We are social creatures. We grow inside another individual and hear the intonation and accents of the people around us before we are even born. We bring our socially-dependent selves into the world where our social world continues to exert a powerful impact on every aspect of our development. The potency of social relationships does not decrease as we grow, move out into the world, and participate in and build organizations and communities. In today’s highly networked, demanding, and even polarized environments, increasing rates of burn-out, secondary traumatization, demoralization, and staff turnover often characterize organizations whose tools to support and amplify the security and health of their staff fail to keep pace with an environment of relentless change and increasing complexity. And, in communities, we observe daily on social media the ways groups are pitted against one another with the corresponding spikes in violence and aggression (hyper-activation) or withdrawal and civic disengagement (hypo-activation) that follow. We are living in a time when a focus on systems-level health and well-being is imperative.
Organizational systems, often characterized by a strong ethic of service and responsibility, face the challenges of dealing directly with hyper and hypo dynamics. Their work has increasingly become politically complex and embedded in high-pressure, under-resourced environments. These circumstances place extraordinary demands on individuals and the systems they live and work in as well as on the policies, practices, and programs that characterize all levels of these systems. We have all seen the result: suboptimal, if not impaired function that exacts a high toll on physical, mental, and spiritual health, including life expectancies that can be as much as twenty years below the national average. It is actually a vicious cycle that is self-reinforcing. Systems-level strains lead to poor individual-level outcomes (i.e., their staff as well as the organization’s constituents) which, in turn, contribute to further organizational impairment.
And, while our SRM individual-level skills help equip staff and community members to harness the capacity for resilience that each of us has, what about the larger ecology in which we are all embedded? How do we address resilience at the larger systems- level?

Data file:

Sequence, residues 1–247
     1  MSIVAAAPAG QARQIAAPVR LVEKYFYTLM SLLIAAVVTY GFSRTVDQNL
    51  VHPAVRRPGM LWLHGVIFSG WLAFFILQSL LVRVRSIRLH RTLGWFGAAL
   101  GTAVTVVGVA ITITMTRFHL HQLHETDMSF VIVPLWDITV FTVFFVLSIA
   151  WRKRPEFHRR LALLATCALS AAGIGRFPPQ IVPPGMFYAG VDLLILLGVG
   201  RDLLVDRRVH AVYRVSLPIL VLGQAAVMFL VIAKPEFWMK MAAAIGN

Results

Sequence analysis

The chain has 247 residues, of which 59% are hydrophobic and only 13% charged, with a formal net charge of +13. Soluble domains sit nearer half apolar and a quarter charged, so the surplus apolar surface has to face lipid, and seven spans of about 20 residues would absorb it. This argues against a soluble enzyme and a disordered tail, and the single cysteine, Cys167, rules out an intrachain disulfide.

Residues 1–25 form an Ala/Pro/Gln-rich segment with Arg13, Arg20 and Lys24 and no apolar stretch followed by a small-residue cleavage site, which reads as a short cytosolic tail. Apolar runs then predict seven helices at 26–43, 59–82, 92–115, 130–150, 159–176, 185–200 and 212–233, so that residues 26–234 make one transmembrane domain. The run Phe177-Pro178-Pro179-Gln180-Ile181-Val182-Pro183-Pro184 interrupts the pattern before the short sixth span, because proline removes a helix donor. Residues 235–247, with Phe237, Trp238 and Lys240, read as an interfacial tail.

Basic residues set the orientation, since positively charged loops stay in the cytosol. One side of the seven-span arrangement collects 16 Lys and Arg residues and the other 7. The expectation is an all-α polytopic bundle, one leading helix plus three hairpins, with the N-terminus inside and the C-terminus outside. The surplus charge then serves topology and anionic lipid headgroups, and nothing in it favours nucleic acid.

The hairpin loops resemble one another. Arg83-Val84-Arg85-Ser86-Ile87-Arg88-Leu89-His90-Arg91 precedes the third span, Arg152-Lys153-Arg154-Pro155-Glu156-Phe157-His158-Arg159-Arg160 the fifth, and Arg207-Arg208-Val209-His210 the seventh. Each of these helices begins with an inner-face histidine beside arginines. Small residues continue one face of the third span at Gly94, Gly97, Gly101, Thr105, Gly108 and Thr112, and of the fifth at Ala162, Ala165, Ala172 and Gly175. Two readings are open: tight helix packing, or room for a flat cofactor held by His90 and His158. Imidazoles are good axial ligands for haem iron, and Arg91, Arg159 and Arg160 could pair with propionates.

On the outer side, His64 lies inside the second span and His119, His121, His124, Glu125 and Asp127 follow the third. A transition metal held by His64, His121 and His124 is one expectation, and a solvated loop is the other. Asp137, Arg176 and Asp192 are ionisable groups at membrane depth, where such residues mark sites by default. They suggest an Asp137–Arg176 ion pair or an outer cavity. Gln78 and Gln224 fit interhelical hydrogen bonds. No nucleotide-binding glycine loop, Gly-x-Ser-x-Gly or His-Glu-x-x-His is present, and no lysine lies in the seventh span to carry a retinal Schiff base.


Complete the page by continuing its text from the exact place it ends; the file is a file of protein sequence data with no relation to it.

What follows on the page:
Organizational Plasticity: How Can We “Re-wire” Organizations?
The term “neuroplasticity” refers to the capacity of our individual human brains to change in response to life’s experiences. This capacity means that each of us always has the opportunity to shape the brains we have. By “Organizational plasticity” I mean the organization’s (community, system) capacity to be adaptable and flexible in the face of complex needs…or not. Plasticity can build on the positive or reinforce the negative. To harness positive plasticity at the system’s level requires a focus on the way that individuals organize the systems in which they live and work. Neuroscience has a lot to offer about the ingredients needed to support organizations and communities to improve or amplify the ability to handle complexity.
In future blogs I will share some of the ways TGW and others are working at the individual-systems interface. Always, our orientation is to support the organization or community itself to be the driving force behind resilience-oriented strategies for change and the development of solutions tailored to their values and goals. This is what truly builds resilient enterprises.